Tantalizing to some, terrifying to others, a long bridge over water is undoubtedly an engineering marvel.

Feats of human wonder

Feats of human wonder

While most of the longest bridges in the world exist in Asia and the United States, engineering marvels that allow travelers to pass over large bodies of water and/or miles of tricky terrain, on a train or in a car, exist across the globe.

The Danyang-Kunshan Grand Bridge

The Danyang-Kunshan Grand Bridge

At 102 miles in length, China’s Danyang-Kunshan Grand Bridge is the world’s longest bridge. Built at a cost of approximately $8.5 billion dollars, per Britannica, this link between Shanghai and Nanjing opened to as a viaduct on the Beijing-Shanghai High-Speed Railway in June 2011. As of publication, this bridge remains in the Guinness Book of World Records as the longest bridge in the world.

Zhangjiajie Glass Bridge

Zhangjiajie Glass Bridge

Also in China is the longest bridge in the world made of glass where pedestrians pay high prices for what Business Insider calls a “colossal waste of time.” That’s thanks to a sea of people and their shoes which scuff the glass beneath feet, despite the fact that booties are mandatory to, in theory, protect the 99 panels of nearly 24-inch thick glass.

Lake Pontchartrain Causeway

Lake Pontchartrain Causeway

Per the Telegraph, “Lake Pontchartrain Causeway in southern Louisiana is an epic structure that crosses one of the most famous bodies of water in the United States; a lake that has inspired literature, music, and film.” This nearly 24 mile-long bridge is the longest bridge in the world that’s not in Asia. 

The Vasco da Gama Bridge

The Vasco da Gama Bridge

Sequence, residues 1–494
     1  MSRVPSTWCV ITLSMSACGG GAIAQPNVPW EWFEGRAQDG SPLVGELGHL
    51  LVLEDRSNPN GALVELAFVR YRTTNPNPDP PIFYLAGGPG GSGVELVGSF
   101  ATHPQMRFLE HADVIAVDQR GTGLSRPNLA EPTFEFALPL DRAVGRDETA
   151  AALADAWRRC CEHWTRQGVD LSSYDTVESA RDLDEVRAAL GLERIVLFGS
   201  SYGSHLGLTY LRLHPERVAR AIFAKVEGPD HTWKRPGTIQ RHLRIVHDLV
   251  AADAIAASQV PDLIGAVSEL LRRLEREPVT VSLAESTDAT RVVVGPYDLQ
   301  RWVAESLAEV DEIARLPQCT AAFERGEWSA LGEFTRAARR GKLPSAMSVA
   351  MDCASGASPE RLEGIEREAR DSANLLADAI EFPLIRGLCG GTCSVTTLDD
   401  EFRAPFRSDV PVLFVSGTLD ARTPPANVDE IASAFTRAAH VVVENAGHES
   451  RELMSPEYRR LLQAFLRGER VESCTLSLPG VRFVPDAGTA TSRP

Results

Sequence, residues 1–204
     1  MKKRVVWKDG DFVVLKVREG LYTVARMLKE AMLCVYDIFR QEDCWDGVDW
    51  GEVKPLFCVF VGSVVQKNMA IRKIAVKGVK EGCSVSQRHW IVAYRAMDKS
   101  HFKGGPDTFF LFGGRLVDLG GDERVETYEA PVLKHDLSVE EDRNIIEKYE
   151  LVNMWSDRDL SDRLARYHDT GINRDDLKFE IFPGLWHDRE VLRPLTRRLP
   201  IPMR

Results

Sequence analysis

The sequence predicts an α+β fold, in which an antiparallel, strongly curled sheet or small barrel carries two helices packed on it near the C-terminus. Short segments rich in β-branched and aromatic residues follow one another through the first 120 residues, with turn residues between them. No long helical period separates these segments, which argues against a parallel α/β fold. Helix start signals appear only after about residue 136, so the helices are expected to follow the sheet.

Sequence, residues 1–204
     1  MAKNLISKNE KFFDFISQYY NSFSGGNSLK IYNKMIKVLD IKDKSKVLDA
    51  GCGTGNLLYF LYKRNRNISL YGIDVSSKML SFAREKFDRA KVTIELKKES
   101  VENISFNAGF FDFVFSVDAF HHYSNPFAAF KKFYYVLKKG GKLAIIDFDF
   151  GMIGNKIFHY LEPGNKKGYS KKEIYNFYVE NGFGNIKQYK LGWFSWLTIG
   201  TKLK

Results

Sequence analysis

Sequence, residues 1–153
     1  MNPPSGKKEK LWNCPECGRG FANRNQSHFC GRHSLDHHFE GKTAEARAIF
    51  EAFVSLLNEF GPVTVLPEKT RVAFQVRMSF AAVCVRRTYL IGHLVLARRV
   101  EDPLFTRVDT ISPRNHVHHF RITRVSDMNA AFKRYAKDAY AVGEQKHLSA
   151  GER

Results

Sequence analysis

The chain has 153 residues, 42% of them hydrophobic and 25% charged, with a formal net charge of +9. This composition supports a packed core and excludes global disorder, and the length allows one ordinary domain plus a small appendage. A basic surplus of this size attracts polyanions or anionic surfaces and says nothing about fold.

The longest bridge in Europe, found east of Lisbon, Portugal, took more than 3,000 workers 18 months to build. Heavy cloud cover on its inauguration day during the 1998 Lisbon World Exposition meant that travelers couldn’t see the other side. Spanning an impressive 10.7 miles over the Tagus River, “the Vasco da Game was named after the famous Portuguese explorer to commemorate the fifth centenary of his arrival from India in 1498.

Charles Kuonen Suspension Bridge, Switzerland

Charles Kuonen Suspension Bridge, Switzerland

In Switzerland, you’ll find a 1,620-foot suspension bridge that is the longest bridge in the world exclusively for pedestrian use. According to the Telegraph, the Charles Kuonen Suspension Bridge crosses, “A valley between Grächen and Zermatt, and offers scenic views of some of Switzerland’s highest peaks, including the famed Matterhorn.

Millau Viaduct, France

Millau Viaduct, France

At 8,071-feet, the Millau Viaduct is not even close to being one of the longest bridges in the world. Instead, this engineering marvel often seen cutting through the clouds on the A75 highway between Paris and Barcelona is the tallest bridge and, remarkably, is even higher than the Eiffel Tower. 

Chesapeake Bay Bridge-Tunnel

Chesapeake Bay Bridge-Tunnel

Part bridge, part tunnel, this 17.6-mile marvel of engineering opened for automotive traffic way back in 1964. By the following year, it had been designated as “One of Seven Engineering Wonders of the Modern World,” according to Travel Trivia. The site goes on to explain that the Chesapeake Bay Bridge-Tunnel, “connects the Delmarva Peninsula with southeastern Virginia, spanning across open waters around the Chesapeake Bay and the Atlantic Ocean.

Atchafalaya Basin Bridge

Atchafalaya Basin Bridge

The twin bridge that spans the largest river swamp in the country opened in 1973 and at the time, “Was the longest bridge in the United States,” reports the Advertiser. Drivers and passengers alike are afforded stellar views of Louisiana’s wetlands from Interstate 10 during the 18-mile stretch.

Bang Na to Bangpakong Expressway

Bang Na to Bangpakong Expressway

Is a bridge still a bridge if it doesn’t cross over water? The six lanes of The Bang Na in Thailand span a whopping 33.5 miles, including a run through Bangkok, with only a relative drop of the Bang Pakong River flowing beneath. Structurally this bridge, which ranks as the longest road bridge in the world, was made with over a million cubic meters of concrete, according to Road Traffic Technology, and instead of a sea or lake, rises nearly 100 feet above another stretch of road, National Highway Route 34.

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